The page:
The church of Jesus Christ is, above all things, the missionary church. Christ sent his church into the world to save souls. If identifying the church as being missionary doesn’t excite us as much as, say, the nature of its worship, we do not have the heart of God, who “does not wish for any to perish but for all to come to repentance” (2 Peter 3:9 NET).
In John’s account of the Great Commission, Jesus speaks four words to his disciples. Though there is an immediate application to the Twelve, his words remind us also who we are as Christ’s missionary church.
19 On the evening of that day, the first day of the week, the disciples had gathered together and locked the doors of the place because they were afraid of the Jewish leaders. Jesus came and stood among them and said to them, “Peace be with you.” 20 When he had said this, he showed them his hands and his side. Then the disciples rejoiced when they saw the Lord. 21 So Jesus said to them again, “Peace be with you. Just as the Father has sent me, I also send you.” 22 And after he said this, he breathed on them and said, “Receive the Holy Spirit. 23 If you forgive anyone’s sins, they are forgiven; if you retain anyone’s sins, they are retained.”
1. Jesus brings peace (19-20).
As his people, we often hide behind four walls, rather than penetrate the world, for fear of rejection or opposition. Jesus brings peace into our midst, so that even when men reject our message, we may be at peace in the midst of conflict.
2. Jesus bestows purpose (21).
Our purpose or mission is linked to what Christ came to do. His task was clear and he often declared it, to seek and save the lost (Luke 19:10). He poured out his blood “for the forgiveness of sins” (Acts 2:38). Jesus determined that this forgiveness would be extended to others through public proclamation or preaching (Luke 24:47).
The key word is “sent.” He who is sent, goes.
3. Jesus endues us with power (22).
The Twelve received the Holy Spirit on the day of Pentecost in a unique way, giving them special powers. But the promise of the Spirit is ours, his reception hinging upon immersion (Acts 2:38), as our spiritual energy to do all things in the Kingdom.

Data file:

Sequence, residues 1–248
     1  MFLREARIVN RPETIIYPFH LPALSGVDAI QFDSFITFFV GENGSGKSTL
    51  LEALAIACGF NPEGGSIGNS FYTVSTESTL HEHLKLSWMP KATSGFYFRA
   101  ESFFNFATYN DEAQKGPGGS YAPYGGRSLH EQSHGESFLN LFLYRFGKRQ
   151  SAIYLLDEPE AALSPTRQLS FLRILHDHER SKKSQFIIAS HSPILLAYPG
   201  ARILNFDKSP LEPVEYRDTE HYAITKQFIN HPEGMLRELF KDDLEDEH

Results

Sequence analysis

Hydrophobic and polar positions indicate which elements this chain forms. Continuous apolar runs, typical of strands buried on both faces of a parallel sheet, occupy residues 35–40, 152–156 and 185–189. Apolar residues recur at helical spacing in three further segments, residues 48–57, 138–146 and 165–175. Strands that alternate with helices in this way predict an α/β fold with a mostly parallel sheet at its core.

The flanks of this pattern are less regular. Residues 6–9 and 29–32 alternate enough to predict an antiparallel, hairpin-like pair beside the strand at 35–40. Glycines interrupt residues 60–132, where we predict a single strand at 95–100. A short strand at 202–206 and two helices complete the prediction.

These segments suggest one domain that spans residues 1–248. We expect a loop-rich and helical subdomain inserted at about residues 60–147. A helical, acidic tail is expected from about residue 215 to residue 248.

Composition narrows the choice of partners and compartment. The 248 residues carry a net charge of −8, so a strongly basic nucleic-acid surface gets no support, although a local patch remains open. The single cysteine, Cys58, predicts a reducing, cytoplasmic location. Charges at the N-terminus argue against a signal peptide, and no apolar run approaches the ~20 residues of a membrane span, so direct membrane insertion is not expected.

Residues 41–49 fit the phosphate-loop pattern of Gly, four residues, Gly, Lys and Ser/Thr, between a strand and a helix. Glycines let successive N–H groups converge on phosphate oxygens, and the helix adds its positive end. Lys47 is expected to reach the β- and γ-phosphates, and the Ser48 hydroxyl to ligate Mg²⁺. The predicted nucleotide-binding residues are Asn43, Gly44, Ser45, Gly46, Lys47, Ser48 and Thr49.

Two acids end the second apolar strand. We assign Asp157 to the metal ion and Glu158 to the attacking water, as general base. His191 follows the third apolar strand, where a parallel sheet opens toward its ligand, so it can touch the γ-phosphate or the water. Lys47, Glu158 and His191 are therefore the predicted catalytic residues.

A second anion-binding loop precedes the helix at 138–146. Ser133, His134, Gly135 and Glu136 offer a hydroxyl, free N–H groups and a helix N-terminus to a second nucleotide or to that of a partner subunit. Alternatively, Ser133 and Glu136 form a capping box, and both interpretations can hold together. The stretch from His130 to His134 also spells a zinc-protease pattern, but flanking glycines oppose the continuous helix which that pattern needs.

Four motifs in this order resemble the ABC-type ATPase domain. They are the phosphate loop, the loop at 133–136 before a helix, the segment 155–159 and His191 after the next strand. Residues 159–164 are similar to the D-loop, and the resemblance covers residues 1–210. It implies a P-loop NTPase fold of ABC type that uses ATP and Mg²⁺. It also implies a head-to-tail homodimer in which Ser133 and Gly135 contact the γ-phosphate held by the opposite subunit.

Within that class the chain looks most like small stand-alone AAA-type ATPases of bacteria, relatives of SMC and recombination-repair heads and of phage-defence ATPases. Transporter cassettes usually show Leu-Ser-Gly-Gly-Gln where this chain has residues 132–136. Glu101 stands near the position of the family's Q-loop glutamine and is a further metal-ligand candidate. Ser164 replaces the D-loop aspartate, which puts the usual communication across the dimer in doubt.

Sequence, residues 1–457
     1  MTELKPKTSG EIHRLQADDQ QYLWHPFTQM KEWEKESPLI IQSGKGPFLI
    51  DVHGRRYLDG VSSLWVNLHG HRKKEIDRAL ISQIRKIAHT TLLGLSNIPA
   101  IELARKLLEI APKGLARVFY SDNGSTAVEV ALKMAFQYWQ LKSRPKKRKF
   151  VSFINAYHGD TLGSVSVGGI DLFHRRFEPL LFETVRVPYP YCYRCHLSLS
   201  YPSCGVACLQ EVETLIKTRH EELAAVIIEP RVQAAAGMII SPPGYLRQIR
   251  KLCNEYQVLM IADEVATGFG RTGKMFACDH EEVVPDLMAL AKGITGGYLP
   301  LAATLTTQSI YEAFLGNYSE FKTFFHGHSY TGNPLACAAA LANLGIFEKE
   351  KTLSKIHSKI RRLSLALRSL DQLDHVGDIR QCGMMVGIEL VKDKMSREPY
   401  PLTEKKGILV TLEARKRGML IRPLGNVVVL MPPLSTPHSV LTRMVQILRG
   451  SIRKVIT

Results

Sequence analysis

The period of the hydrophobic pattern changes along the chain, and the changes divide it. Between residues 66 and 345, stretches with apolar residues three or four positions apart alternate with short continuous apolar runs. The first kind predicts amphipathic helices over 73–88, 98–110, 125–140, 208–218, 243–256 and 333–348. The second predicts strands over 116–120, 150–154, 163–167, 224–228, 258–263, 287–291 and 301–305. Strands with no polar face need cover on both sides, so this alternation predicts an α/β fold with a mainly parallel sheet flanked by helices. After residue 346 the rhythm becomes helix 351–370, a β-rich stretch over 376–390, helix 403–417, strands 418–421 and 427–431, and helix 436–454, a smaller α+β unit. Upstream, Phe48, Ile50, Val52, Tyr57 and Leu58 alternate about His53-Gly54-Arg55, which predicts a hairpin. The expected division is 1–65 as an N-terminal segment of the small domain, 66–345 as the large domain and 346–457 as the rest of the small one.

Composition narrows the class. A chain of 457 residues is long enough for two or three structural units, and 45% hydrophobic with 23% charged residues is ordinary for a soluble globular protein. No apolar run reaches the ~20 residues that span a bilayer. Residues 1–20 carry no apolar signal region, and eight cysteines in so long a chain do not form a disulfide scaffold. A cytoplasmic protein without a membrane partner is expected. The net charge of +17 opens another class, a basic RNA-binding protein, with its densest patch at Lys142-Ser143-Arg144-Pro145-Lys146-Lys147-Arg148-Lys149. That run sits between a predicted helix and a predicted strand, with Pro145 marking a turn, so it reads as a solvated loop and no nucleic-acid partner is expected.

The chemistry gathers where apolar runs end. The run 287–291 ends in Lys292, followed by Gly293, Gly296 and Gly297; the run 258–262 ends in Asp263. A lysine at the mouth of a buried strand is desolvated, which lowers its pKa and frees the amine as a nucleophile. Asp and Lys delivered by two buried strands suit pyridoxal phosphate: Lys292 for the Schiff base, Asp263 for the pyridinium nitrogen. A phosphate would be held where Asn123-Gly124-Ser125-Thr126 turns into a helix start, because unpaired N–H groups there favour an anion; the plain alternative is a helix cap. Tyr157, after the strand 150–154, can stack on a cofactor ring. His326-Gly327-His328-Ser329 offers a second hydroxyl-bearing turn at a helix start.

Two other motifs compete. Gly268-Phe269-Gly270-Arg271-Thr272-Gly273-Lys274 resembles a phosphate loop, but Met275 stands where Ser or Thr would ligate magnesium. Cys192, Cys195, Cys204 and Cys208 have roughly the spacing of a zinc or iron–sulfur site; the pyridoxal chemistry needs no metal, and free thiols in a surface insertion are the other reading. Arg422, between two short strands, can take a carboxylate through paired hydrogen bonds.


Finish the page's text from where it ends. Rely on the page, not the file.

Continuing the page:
Peter connected the Spirit and power in the life of Jesus (Acts 10:38). Paul speaks of Christians’ hope “by the power of the Holy Spirit” in Romans 15:13. He prayed the Ephesians might “be strengthened with power through his Spirit in the inner person” (Ephesians 3:16).
4. Jesus declares the means of pardon (23).
To the Twelve were revealed the marvels and conditions of the Good News. More than that, Jesus says that pardon comes to people when — and only when — they hear it from the lips of his emissaries.
When it would have been easy for Jesus or the Spirit to appear and tell someone how to be saved, we have stories where God goes out of his way to put a human teacher before a lost soul. So he sends Philip to the eunuch (Acts 8), Ananias to Saul (Acts 9), Peter to Cornelius (Acts 10).
Yes, through the apostles would be revealed the terms of salvation, but the principle is wider than that. Through the presence and preaching of those Christ has sent, people hear the Good News of salvation and have opportunity to be saved. No angel, no spirit, no heavenly visions or dreams, but people speaking to people.
That’s where we come in. We are the missionary church of Christ.
There is no other.